Downloading and Installing Nagios Part 1
In this video we talk about the process of downloading, unpacking, and installing Nagios. This is not installing it from the repositories. Instead, we download and compile the source code on CentOS 7. We set the SELinux mode to permissive, install some tools and libraries (gcc, glibc, wget, etc.), and install a compiler to compile Nagios core.
Downloading and Installing Nagios Part 2
Continuing where we left off from the last video, here we learn how to create a Nagios user and add a user to the Apache group. We install binary files, cgi, html files, the command mode, configuration files, and Apache config files. Lastly, we show how to configure the firewall and create a
nagiosadmin user account for logging into Nagios.
Downloading and Installing Nagios Part 3
Moving on with the installation process, here we start Apache and Nagios for the first time to make sure everything is working the way it is supposed to. We access Nagios through its web interface and navigate a bit through the GUI to see how it looks.
Downloading and Installing Nagios Part 4
In this last installation video we install several Nagios plugins. We have to make sure all the prerequisites are installed before installing the plugins so they work properly. We test Nagios once more by performing our first rescheduling of a next check.
Nagios Check Triangle
In this video we go over the elements of the Nagios check triangle. If we want a plugin to work properly and perform its task, we must configure certain files. We show how we can add additional files with additional definitions for services, hosts, and commands. Another important aspect of the video is learning how to perform a preflight check after configuring files.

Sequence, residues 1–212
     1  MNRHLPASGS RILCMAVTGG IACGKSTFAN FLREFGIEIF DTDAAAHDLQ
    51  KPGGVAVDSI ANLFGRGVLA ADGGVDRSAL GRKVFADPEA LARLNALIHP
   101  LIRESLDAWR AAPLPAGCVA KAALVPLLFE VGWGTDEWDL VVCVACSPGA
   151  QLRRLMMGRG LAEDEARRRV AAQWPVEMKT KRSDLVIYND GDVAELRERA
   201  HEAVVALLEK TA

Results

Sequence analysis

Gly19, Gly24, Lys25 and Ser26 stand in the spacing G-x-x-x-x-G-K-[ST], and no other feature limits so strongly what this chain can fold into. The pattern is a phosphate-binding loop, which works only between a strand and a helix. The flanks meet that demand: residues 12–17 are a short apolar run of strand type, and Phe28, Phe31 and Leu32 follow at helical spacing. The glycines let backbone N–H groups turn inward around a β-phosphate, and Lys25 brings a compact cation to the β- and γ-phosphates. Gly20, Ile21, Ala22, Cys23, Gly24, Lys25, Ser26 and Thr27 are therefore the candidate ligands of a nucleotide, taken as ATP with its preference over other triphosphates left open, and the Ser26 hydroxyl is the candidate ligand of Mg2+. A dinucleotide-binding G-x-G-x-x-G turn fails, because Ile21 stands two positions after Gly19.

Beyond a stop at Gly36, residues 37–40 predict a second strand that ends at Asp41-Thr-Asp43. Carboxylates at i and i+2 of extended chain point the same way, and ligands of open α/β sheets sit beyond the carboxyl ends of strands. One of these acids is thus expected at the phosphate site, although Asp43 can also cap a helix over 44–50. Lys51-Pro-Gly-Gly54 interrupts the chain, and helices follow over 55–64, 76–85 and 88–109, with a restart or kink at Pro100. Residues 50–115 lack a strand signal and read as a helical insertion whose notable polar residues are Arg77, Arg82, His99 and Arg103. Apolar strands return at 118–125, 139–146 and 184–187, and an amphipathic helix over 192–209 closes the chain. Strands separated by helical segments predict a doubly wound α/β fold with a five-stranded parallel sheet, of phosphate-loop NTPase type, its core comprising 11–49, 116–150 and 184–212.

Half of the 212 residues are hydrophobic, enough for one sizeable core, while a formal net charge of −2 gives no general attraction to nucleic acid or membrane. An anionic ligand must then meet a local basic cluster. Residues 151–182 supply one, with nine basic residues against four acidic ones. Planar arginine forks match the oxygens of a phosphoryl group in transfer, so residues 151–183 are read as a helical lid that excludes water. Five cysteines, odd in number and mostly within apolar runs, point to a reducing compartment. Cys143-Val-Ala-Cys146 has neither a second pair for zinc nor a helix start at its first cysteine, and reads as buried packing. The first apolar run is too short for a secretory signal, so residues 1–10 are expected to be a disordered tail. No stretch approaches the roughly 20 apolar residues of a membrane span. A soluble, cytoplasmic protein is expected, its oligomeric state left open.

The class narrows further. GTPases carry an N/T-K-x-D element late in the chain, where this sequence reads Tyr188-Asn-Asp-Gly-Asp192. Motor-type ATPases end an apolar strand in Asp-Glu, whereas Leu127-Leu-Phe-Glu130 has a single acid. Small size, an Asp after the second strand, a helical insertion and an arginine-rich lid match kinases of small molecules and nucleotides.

User and Server Management
Setting Up Permissions for the Web Interface Part 1
In general, every system needs to offer some kind of user access configuration options because it is important to control who accesses what in the system. In Nagios, this is done by editing the
cgi.cfg file. In this video, we take a look at how to perform this conifugration and get acquainted with the terms authentication user and authenticated contact. We introduce several authorization variables such as
Setting Up Permissions for the Web Interface Part 2
In this video we see the result of what we configured in the previous video in the Nagios web interface. We also create another user and compare the permissions between the two of them.
Different Authentication Configurations Part 1
Authentication is the process by which users are authenticated and granted access to the Nagios web interface. This video talks about the authentication process and the
htpasswd.users database used to authenticate users.
Different Authentication Configurations Part 2
The option of turning all authentications on and off exists in Nagios. This lecture demonstrates how to turn off all notifications and takes a look at what we can do or view with this kind of authentication.